Revealing climatic variability of the last three millennia in northwestern Iberia using pollen influx data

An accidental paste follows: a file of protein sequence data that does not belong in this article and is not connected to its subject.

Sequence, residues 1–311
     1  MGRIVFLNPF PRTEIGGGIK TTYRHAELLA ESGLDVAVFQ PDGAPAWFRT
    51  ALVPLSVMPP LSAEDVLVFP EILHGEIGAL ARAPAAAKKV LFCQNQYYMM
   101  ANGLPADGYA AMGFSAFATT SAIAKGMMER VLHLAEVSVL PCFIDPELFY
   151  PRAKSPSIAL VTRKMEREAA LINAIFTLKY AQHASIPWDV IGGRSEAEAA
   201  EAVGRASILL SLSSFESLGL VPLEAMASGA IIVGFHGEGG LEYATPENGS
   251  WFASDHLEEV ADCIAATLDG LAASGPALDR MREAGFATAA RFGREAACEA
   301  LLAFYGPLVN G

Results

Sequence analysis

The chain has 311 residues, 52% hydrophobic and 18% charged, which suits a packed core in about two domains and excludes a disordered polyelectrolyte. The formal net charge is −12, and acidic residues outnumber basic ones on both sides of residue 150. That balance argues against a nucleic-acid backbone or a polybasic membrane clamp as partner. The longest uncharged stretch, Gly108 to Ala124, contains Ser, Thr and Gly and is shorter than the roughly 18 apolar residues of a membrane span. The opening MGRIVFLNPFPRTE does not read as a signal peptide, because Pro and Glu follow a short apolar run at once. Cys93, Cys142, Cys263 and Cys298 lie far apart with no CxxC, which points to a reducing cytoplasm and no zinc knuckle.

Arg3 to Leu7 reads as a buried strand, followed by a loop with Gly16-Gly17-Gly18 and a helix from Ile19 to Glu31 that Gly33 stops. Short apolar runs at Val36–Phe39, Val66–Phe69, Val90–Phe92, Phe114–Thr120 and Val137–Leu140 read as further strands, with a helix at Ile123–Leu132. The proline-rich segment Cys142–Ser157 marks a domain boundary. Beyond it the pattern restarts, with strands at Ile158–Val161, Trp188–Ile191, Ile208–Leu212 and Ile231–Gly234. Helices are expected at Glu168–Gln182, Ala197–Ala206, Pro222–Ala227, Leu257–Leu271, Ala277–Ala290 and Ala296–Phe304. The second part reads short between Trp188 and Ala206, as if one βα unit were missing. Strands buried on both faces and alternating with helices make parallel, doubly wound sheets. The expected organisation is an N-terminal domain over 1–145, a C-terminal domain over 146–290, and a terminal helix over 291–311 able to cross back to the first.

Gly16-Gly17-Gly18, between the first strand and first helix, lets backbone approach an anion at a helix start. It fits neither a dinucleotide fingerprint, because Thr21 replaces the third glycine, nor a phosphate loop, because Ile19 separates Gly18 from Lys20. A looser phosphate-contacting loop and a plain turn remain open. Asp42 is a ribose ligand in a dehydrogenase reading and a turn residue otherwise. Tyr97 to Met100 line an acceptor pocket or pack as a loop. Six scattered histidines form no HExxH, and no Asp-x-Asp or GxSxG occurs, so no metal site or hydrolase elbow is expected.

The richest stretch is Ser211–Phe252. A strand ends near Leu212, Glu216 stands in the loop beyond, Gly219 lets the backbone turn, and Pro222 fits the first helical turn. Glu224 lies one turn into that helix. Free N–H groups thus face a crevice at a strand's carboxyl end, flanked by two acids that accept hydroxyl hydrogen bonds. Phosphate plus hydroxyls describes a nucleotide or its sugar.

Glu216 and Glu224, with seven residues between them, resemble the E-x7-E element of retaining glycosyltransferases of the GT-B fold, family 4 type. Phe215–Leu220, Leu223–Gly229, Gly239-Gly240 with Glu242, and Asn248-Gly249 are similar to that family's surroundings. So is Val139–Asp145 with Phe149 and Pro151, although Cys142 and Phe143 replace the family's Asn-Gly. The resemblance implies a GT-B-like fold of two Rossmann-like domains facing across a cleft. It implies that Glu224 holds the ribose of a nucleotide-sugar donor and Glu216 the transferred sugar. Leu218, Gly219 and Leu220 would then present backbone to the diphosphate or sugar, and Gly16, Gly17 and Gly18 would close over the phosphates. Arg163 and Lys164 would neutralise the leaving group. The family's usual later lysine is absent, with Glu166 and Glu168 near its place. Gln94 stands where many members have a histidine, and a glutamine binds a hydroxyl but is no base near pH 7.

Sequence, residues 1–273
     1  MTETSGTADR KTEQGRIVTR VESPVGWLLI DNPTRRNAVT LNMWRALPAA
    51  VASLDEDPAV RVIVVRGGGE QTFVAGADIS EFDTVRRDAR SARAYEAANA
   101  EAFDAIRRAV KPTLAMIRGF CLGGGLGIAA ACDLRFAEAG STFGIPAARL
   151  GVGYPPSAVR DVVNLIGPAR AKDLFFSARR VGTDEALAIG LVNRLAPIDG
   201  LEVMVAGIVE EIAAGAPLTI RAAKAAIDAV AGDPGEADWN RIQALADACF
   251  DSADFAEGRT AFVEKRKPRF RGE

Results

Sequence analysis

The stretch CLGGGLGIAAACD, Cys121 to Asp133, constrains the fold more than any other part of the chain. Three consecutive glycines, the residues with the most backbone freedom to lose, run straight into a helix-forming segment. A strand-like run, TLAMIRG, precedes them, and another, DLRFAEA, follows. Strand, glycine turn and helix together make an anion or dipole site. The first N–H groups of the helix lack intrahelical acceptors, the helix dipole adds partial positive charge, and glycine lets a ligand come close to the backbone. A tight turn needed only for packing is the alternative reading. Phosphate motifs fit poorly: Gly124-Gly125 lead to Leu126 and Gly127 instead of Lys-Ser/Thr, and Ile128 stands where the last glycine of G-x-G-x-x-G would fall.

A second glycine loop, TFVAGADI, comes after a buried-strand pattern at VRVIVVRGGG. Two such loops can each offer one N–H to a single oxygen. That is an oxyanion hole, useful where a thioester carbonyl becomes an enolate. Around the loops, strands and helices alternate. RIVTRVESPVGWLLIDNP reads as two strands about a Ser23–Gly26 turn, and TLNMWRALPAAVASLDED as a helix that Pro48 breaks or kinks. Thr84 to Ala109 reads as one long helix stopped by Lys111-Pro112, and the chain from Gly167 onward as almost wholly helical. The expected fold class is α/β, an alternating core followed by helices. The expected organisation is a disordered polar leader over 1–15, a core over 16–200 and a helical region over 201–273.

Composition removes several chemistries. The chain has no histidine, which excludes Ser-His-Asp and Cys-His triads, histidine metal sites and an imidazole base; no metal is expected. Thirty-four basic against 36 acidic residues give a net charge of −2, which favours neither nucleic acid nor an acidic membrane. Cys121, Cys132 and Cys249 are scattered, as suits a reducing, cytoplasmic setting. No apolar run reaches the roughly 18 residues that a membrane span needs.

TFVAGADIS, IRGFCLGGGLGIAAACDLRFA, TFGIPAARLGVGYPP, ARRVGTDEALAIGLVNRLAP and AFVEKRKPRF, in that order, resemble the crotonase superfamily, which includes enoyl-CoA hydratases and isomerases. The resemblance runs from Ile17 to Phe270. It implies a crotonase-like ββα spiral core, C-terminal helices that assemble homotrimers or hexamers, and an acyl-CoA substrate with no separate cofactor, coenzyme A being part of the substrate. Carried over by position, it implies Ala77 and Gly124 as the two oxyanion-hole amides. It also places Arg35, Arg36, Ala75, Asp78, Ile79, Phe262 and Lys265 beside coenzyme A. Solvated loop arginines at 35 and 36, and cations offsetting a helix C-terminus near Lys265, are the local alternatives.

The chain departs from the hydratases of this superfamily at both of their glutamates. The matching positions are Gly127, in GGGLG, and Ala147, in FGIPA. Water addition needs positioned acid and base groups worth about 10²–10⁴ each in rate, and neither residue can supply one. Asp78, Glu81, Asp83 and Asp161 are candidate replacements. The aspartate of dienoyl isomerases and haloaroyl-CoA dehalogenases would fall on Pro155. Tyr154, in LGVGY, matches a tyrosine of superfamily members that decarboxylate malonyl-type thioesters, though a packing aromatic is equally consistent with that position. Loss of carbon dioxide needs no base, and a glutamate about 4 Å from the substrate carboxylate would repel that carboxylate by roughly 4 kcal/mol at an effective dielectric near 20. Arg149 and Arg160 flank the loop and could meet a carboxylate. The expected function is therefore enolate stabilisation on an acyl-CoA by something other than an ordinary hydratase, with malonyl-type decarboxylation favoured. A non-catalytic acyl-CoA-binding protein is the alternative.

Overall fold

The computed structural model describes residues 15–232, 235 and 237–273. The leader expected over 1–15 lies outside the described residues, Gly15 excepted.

Climatic variability of the last 3 millennia in NW Iberia has been documented using high-resolution pollen analysis of Vir-18 core, retrieved from the Ría de Vigo (42°14.07′N, 8°47.37′W). The depth-age model is based on two accelerator mass spectrometry 14C dates and three historically dated botanical events in Galicia: the expansion of Juglans and Pinus, as well as the introduction of Eucalyptus. During the last 3000 years, the relative pollen record demonstrates the occurrence of an open deciduous oak forest, indicating a humid and temperate climate in northwestern Iberia. Two-step forest reduction since 975 cal BC suggests climate as the main cause rather than major socio-economic changes documented in historical archives. Absolute pollen influx has been compared with instrumental summer and winter temperatures and tentatively used as a proxy of short (decadal-scale) and low-amplitude (∼1°C) temperature variations. This new approach allows us to detect for the first time in NW Iberia the millennial-scale climatic cyclicity suggested by North Atlantic records, challenging the apparent climatic stability reflected by the relative pollen record. The Little Ice Age is recorded as low pollen influx values between 1400 and 1860 cal AD, with a cold maximum at 1700 cal AD (Maunder Minimum). The Roman and Medieval Warm Periods are detected through high pollen influx values at 250 cal BC-450 cal AD and 950-1400 cal AD, respectively.